Can running your boat interfere with satellite TV?

I’ll admit I thought it was an old wives’ tale. But, when a customer called us saying that their satellite TV didn’t work when the engine was on, we listened. And it turns out it’s possible. Not common, but possible.

It was pretty simple to replicate the problem. Turn on the engine, the satellite TV would start generating errors. At the very least, the remote controls wouldn’t work reliably. Get that engine going and you’d see signal loss and errors.

The funny thing was that it had nothing to do with motion. The dish was tracking properly. The customer was able to fire up the engine, get to a good speed, and cut the engine. As soon as they did, the satellite TV came back. We started looking for solutions.

The ever-present possibility of radio-frequency interference

Radio-frequency interference, or RFI, was the first thing we thought of. Pretty much anything can generate it. We thought maybe it might be interfering with reception or possibly introducing noise into the lines through older or degraded cable.

This is a very real possibility, because wiring in a boat can be difficult and complex. Space is at a premium in your average boat, and that means that you’re not likely to inspect wires very often. A connector that’s worked itself a little loose could allow for RFI to come in.

Luckily the boat in question was pretty new and had ample pathways for wiring. It was easier to inspect the cables than it would have been in an older boat that had been extensively worked on over the years.

Our customer was able to inspect all the cables and connectors. They were also able to create makeshift cages for the electronic components using aluminum foil. This isn’t a good long-term solution because it makes it difficult to keep electronic devices ventilated. But wrapping something in tinfoil is a pretty good way to diagnose problems.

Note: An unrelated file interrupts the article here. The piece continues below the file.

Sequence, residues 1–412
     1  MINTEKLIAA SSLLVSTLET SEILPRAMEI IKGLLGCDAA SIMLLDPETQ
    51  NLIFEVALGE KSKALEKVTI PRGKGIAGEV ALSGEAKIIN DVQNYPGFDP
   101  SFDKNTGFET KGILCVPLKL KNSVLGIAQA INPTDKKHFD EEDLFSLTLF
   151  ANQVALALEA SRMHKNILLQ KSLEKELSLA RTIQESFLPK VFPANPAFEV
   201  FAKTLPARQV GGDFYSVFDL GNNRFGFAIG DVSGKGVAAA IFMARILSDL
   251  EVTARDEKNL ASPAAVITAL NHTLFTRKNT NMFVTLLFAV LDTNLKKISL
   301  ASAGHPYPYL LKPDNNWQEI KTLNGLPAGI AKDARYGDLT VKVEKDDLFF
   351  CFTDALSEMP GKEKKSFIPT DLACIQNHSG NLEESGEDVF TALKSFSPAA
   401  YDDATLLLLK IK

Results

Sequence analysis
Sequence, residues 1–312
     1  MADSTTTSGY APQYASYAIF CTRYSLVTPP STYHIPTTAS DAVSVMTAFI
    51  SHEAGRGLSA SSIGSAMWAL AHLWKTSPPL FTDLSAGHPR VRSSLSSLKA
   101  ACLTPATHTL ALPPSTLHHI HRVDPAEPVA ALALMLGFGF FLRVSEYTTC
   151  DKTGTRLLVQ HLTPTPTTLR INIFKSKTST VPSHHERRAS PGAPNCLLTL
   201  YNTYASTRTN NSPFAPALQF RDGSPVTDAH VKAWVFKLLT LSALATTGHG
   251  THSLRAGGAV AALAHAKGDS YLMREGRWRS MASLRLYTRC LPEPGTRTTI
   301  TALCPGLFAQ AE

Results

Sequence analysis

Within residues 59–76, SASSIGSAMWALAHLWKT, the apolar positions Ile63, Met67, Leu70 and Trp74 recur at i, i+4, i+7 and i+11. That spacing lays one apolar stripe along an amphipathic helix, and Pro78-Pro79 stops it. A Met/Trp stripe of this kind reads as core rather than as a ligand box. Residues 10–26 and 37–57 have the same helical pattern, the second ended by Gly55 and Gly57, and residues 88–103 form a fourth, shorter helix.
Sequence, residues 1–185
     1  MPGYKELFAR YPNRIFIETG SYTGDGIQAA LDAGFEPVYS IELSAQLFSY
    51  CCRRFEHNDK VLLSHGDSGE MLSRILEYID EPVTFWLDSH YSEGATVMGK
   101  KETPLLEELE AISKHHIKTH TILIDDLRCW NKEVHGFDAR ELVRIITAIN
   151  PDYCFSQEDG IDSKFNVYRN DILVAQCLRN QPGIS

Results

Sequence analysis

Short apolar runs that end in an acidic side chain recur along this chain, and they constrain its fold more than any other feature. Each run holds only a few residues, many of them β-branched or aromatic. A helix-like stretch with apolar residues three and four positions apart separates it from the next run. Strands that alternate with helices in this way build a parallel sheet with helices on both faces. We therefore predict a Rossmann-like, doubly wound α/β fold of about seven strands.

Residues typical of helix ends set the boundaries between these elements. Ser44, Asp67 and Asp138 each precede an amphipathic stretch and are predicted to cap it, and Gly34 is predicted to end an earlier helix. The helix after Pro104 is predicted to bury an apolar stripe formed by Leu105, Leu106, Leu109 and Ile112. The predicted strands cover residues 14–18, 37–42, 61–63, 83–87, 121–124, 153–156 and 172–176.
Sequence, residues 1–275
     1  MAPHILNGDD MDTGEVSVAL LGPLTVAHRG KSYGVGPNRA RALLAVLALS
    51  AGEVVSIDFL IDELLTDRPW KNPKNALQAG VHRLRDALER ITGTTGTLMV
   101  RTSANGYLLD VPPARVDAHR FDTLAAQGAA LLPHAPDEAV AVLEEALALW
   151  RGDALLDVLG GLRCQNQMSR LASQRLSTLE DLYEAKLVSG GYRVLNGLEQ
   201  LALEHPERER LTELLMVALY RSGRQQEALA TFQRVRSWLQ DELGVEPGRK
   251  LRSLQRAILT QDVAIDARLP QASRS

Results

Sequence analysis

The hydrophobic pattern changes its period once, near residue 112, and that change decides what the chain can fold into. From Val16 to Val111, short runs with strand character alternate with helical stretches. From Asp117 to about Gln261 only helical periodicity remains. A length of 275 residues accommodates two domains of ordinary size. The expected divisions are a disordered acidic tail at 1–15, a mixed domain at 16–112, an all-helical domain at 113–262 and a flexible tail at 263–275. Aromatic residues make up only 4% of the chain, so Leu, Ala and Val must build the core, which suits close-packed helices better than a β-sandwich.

After a little bit of work on the boat owner’s end, we were able to rule out RFI, at least to our satisfaction. Still, something was causing the problem.

The answer was…

Here’s a surprise. We were able to trace it to improper grounding. A lot of folks don’t realize that your boat has to be grounded just like your home. Lightning strikes on the water can be treacherous and the last thing you want is to get hit.

Unlike homes, boats often have three grounding systems. The DC grounding system is there for all the 12-volt electrical devices on the boat. There’s also an AC grounding system that handles the grounding requirements of anything with a regular plug. Many boats will also have a separate grounding system just for the RF receiving components.

There’s more to grounding on a boat than just trailing a ground wire into the ocean. Each of those systems requires its own grounding strategy, and the common wisdom is that you actually limit the electrical system’s connection to seawater. But, many boat owners don’t know that, and improperly ground their electrical stuff. While this is better than nothing, it’s not much better than nothing.


The grounding system for RF was hooked up properly. But, because satellite TV receivers run off AC, we had the customer check the AC grounding system. It was in bad shape, poorly installed, and probably wasn’t doing much grounding at all. It’s actually lucky that we found the problem before it got to be more serious.

As soon as the AC grounding system was brought “up to code,” the problem disappeared. I’d seen something like this in homes, where an improperly grounded system created problems. Because satellite receivers use two-prong plugs, I wouldn’t have expected improper grounding to be the culprit.

But the funny thing is, it was. You can’t argue with real-world results. We have a happy customer and the results speak for themselves.

Moral of the story: your Signal Connect team is ready to work with you on any problem. We’re not going to get stuck on “the normal fixes.” We’re going to go above and beyond to help you fix your problem. IF you want this kind of white-glove service, call the experts at Signal Connect. We’re here during East Coast business hours. All it takes is a call to 888-233-7563. If it’s after hours, fill out the form below and we’ll get back to you, usually within one business day.

About the Author

Stuart Sweet
Stuart Sweet is the editor-in-chief of The Solid Signal Blog and a "master plumber" at Signal Group, LLC. He is the author of over 8,000 articles and longform tutorials including many posted here. Reach him by clicking on "Contact the Editor" at the bottom of this page.